Bondholders announce framework for Commonwealth-COFINA Settlement; Oversight Board and Government say the deal is “Not Acceptable.”
On May 14, a large coalition of stakeholders in the COFINA-Commonwealth litigation, which we previously reported on here, announced a proposed settlement outline to resolve the long-running dispute over who owns the sales and use taxes pledged by COFINA to secure COFINA bonds. The proposed settlement is supported by the Ad Hoc Group of Puerto Rico General Obligation Bondholders, the COFINA Senior Bondholders Coalition, and certain monoline insurers. But while this is an important step forwards, the settlement does not yet have the support of the two agents appointed by the Oversight Board, the only parties with authority to settle the dispute.
On March 7, 2018, Journal of Corporate Renewal featured an article written by Daniel A. Lowenthal, Chair of Patterson Belknap’s Business Reorganization and Creditors' Rights Practice, entitled “Venezuelan Debt Crisis Intensifies as Its Leaders Ponder Responses.” Mr. Lowenthal discusses Venezuela's current debt crisis and the uncertainty of how it will unfold and how long it will take to resolve.
To read the full article, click here.
In September, we reported on the possible bankruptcy of Connecticut’s capital city and questioned whether anything short of a State-led bailout could save the City from its crippling deficit and mounting debt service payments.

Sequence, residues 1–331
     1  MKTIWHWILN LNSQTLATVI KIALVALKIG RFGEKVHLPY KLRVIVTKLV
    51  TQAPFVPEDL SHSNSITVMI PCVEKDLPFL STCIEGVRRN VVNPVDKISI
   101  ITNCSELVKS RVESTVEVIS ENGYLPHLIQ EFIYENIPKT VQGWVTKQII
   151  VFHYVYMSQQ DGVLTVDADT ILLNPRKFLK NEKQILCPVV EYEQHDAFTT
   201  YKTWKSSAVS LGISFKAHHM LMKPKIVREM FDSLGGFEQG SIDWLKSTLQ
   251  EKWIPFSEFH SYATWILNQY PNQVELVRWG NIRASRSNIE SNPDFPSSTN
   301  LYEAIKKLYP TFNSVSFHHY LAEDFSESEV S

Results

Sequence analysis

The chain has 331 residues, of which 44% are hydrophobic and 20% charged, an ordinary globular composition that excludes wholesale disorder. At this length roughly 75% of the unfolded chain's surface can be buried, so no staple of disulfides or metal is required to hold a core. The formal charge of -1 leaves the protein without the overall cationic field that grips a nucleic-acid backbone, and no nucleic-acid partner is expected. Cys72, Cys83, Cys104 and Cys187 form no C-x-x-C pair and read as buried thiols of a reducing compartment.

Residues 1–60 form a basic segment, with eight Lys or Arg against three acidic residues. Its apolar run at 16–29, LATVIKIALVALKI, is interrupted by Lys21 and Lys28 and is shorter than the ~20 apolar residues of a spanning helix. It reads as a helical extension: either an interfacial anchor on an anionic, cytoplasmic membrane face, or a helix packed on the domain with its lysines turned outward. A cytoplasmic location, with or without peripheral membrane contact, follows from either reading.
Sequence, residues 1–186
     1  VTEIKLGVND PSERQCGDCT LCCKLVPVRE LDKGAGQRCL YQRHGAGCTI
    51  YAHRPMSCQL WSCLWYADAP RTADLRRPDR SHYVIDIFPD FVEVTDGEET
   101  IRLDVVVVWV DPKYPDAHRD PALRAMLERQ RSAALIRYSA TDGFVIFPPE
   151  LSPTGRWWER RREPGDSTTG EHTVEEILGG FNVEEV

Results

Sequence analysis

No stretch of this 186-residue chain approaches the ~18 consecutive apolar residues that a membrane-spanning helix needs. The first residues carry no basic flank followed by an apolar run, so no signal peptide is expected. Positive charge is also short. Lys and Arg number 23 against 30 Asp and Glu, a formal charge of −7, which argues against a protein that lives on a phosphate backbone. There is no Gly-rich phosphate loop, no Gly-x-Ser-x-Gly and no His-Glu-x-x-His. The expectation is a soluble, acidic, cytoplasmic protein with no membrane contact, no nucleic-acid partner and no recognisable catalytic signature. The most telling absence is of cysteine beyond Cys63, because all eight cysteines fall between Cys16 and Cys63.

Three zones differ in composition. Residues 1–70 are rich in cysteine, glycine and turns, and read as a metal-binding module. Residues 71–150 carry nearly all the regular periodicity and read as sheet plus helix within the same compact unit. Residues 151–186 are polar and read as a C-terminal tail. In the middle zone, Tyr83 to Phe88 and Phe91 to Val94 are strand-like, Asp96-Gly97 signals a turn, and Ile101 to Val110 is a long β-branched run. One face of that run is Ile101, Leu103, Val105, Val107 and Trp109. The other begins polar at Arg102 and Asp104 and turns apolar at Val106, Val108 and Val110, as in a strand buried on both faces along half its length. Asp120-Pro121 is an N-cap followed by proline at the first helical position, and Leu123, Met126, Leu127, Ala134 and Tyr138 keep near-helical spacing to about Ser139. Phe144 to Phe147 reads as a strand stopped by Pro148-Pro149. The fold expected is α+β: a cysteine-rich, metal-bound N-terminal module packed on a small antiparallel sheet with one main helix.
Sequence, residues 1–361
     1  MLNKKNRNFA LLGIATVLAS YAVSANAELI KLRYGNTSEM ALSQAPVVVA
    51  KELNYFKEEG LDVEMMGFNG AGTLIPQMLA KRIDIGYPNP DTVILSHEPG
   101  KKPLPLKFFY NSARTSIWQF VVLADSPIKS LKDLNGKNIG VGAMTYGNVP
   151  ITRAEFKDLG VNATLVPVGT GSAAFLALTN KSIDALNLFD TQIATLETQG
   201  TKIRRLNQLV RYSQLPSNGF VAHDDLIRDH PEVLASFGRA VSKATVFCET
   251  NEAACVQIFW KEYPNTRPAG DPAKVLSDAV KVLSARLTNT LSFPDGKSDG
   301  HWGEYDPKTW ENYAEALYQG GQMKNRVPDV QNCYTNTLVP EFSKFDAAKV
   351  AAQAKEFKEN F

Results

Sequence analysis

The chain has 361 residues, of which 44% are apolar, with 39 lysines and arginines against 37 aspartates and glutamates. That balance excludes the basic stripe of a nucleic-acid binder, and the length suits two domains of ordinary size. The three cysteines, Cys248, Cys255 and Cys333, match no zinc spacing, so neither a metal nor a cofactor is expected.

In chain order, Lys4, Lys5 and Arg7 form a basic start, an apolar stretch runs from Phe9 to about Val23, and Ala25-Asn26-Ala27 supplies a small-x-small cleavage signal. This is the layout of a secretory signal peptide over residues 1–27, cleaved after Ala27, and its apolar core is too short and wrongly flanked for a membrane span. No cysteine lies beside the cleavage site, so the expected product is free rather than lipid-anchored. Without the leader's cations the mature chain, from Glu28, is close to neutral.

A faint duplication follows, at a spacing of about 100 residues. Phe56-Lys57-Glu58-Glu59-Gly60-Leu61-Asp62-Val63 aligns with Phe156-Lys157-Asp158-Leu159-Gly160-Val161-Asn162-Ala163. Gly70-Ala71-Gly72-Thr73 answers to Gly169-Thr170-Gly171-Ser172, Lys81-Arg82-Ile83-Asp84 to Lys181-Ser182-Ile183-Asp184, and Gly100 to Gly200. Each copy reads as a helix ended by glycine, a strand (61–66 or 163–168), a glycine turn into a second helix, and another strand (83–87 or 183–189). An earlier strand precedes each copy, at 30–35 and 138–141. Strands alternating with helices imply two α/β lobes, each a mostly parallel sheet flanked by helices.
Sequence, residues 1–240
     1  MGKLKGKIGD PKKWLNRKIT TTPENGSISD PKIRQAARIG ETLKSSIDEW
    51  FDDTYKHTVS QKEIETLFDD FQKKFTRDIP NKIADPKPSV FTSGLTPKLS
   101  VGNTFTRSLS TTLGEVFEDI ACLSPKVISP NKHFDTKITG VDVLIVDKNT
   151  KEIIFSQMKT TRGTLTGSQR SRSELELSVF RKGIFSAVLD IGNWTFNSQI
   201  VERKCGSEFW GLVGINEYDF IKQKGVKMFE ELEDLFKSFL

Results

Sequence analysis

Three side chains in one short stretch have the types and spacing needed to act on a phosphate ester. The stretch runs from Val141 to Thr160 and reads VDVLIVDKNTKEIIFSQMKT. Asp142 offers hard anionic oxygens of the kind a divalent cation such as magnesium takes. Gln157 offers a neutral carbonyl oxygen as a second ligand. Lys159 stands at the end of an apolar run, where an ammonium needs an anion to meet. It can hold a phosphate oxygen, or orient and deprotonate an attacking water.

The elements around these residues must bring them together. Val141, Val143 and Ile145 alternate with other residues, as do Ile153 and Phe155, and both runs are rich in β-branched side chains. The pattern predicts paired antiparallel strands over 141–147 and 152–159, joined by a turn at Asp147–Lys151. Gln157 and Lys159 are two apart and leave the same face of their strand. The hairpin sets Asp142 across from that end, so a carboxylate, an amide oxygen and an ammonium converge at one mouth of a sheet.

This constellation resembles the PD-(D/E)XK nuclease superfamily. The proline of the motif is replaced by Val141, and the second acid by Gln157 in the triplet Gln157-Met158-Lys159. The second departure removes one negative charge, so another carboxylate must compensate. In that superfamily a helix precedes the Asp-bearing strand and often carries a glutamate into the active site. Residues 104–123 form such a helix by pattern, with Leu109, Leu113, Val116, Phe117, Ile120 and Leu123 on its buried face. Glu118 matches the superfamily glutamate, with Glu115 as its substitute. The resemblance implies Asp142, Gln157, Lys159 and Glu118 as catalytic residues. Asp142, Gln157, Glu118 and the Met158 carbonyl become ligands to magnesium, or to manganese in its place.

Back in the day--say, the last two decades of the twentieth century--we bankruptcy lawyers took it largely on faith that the right structural and contractual provisions purporting to confer bankruptcy-remoteness were enforceable and likely to be successful in preventing an entity from becoming, voluntarily or involuntarily, a debtor under the Bankruptcy Code. During the latter part of the first decade of the twenty-first century, however, that faith began to erode as bankruptcy court case law began to accumulate which denied motions to dismiss petitions based upon remoteness provisions.
Perhaps this is one of the first articles you’re reading about the debt crisis in Venezuela. It won’t be the last. The situation there is bad and will get worse.
On Tuesday, two leading credit-rating agencies again downgraded the city of Hartford: Moody’s Investors Service now rates the struggling city at Caa3, while S&P Global Ratings has lowered its rating to CC. They attribute the junk classification to the increasing likelihood of a default by Hartford on its debt service obligations to bondholders.
On May 3, 2017, the Financial Oversight and Management Board for Puerto Rico (“Oversight Board”), which was established under the Puerto Rico Oversight, Management, and Economic Stability Act (“PROMESA”), filed a voluntary petition for relief for the Commonwealth of Puerto Rico (the “Commonwealth”). On May 5, Chief Justice Roberts appointed District Judge Laura Taylor Swain of the Southern District of New York to conduct the case. Judge Swain was a bankruptcy judge in the Eastern District of New York before joining the district court in 2000.
Lehman Brothers Announces Settlement to Resolve Massive RMBS Claims; Estimation Hearing Slated for Later This Year
For over eight years, In re Lehman Bros., No. 08-13555-scc (Bankr. S.D.N.Y.), has been one of the most active, complex bankruptcy dockets in the country. A large portion of the remaining contested matters in that case are claims by trustees for residential mortgage backed securities (RMBS), who continue to pursue claims against the Lehman estate for losses caused by toxic mortgages. Recent developments show that Lehman is trying to wrap up many, if not most, of those RMBS claims by the end of this year.